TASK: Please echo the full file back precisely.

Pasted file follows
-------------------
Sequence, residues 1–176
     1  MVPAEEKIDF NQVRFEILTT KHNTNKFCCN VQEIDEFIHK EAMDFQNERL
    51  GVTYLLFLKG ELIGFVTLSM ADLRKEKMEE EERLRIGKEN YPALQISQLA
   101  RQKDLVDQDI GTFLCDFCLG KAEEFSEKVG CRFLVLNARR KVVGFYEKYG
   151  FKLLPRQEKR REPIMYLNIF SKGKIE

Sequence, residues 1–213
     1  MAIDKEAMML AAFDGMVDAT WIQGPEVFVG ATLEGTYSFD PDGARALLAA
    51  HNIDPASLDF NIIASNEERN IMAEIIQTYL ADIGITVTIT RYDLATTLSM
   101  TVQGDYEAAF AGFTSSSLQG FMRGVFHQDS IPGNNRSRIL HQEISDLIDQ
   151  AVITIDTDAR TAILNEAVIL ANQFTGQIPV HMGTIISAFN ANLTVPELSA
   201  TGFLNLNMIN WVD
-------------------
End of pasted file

Sequence, residues 1–176
     1  MVPAEEKIDF NQVRFEILTT KHNTNKFCCN VQEIDEFIHK EAMDFQNERL
    51  GVTYLLFLKG ELIGFVTLSM ADLRKEKMEE EERLRIGKEN YPALQISQLA
   101  RQKDLVDQDI GTFLCDFCLG KAEEFSEKVG CRFLVLNARR KVVGFYEKYG
   151  FKLLPRQEKR REPIMYLNIF SKGKIE

Sequence, residues 1–213
     1  MAIDKEAMML AAFDGMVDAT WIQGPEVFVG ATLEGTYSFD PDGARALLAA
    51  HNIDPASLDF NIIASNEERN IMAEIIQTYL ADIGITVTIT RYDLATTLSM
   101  TVQGDYEAAF AGFTSSSLQG FMRGVFHQDS IPGNNRSRIL HQEISDLIDQ
   151  AVITIDTDAR TAILNEAVIL ANQFTGQIPV HMGTIISAFN ANLTVPELSA
   201  TGFLNLNMIN WVD